In most historic site investigations, the spatial analysis of the recovered artifacts is an important step in interpreting what the features represent and the activities that occurred in different parts of the site. For the Williams farmstead, we compared the artifacts by analysis units to investigate many different questions. We also looked carefully at the distributions of various kinds of artifacts across the house excavation block. By clicking on the graph at left and the links to the map below, you can view the various distributional patterns we discovered.
The horizontal distributions of various types of artifacts recovered from the house complex were examined to help interpret the Williams house and the activities that once occurred in and around the house. To facilitate this, we used the master artifact database to create a single layered PDF file that includes one map for all excavated artifacts, five separate maps for the main functiosnal groups, and more than thirty separate maps for various subgroups and specific artifact types. For example, we could look at the distribution of Clothing/Adornment artifacts (n=638), then focus in on the subgroup called "clothing fasteners" and look at the distribution maps for "buttons" (n=440) or "buckles" and "other fasteners" (n=46). These various data sets allowed archeologists to examine the spatial patterns of material culture at many different levels. In the graphic above, we look at distribution by the five main functional groups plus distribution of cut vs wire nails.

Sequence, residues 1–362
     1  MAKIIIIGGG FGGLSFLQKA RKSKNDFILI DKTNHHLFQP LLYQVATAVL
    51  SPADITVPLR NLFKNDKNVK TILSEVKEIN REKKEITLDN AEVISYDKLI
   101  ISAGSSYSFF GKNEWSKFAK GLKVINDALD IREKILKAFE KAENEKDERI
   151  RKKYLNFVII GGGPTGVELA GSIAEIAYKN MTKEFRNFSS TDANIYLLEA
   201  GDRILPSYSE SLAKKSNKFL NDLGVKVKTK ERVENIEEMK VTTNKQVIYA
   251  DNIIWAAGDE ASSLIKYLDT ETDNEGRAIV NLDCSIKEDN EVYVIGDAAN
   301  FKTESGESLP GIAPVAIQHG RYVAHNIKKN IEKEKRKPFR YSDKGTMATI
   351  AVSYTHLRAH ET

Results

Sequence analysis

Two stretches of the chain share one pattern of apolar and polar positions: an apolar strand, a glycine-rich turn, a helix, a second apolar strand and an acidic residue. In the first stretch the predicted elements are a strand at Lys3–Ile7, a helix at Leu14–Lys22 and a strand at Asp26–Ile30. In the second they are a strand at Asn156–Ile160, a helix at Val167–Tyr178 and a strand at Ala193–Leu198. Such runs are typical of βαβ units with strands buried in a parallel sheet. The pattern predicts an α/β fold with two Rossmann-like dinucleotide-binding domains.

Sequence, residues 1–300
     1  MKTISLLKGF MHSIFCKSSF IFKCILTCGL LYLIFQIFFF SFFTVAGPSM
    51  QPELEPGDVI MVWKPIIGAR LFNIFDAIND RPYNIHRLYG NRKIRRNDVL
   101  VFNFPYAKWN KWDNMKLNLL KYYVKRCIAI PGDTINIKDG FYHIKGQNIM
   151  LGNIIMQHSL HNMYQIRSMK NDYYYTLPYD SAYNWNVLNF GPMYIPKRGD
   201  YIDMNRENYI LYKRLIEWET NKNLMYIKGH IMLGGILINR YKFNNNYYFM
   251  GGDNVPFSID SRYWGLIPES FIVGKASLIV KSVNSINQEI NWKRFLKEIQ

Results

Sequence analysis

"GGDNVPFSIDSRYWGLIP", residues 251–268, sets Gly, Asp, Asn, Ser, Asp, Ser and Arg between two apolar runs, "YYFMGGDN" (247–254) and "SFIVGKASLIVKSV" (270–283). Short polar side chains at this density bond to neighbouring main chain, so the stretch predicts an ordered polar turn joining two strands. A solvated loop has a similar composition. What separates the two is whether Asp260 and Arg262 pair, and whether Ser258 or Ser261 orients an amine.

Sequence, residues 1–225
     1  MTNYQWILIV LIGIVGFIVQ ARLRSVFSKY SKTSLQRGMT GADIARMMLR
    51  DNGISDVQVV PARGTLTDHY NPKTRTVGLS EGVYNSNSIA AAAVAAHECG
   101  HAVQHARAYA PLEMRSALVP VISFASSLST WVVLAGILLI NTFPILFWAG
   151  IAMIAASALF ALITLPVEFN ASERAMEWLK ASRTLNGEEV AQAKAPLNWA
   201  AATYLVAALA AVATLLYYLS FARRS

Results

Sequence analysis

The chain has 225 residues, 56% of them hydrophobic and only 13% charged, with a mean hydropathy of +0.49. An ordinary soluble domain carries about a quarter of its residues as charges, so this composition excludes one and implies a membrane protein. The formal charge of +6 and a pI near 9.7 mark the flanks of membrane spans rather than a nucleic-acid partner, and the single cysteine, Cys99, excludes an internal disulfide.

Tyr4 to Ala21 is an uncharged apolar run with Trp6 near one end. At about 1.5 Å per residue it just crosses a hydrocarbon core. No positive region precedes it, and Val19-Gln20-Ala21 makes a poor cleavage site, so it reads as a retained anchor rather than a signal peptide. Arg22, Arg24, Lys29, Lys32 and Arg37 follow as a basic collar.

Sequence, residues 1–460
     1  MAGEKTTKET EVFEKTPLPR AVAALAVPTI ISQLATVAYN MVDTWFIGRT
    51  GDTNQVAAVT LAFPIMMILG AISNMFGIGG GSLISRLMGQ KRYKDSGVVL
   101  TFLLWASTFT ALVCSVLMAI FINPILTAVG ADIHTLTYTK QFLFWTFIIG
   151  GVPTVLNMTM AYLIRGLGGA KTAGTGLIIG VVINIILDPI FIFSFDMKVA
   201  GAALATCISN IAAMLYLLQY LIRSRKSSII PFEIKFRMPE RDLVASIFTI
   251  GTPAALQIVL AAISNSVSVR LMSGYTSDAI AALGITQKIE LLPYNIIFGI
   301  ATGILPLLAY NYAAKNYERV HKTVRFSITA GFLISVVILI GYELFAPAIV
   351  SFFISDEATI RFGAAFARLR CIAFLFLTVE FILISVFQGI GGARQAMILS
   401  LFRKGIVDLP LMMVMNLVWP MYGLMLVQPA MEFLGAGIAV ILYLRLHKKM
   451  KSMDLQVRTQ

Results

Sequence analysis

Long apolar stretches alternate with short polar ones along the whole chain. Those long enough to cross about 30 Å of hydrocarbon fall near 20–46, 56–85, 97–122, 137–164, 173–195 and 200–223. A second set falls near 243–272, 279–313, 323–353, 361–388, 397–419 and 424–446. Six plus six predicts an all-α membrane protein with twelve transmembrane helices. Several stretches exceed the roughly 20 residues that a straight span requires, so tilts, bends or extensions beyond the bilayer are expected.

In this video, Project Archeologist Aaron Norment discuss artifact patterning at the site.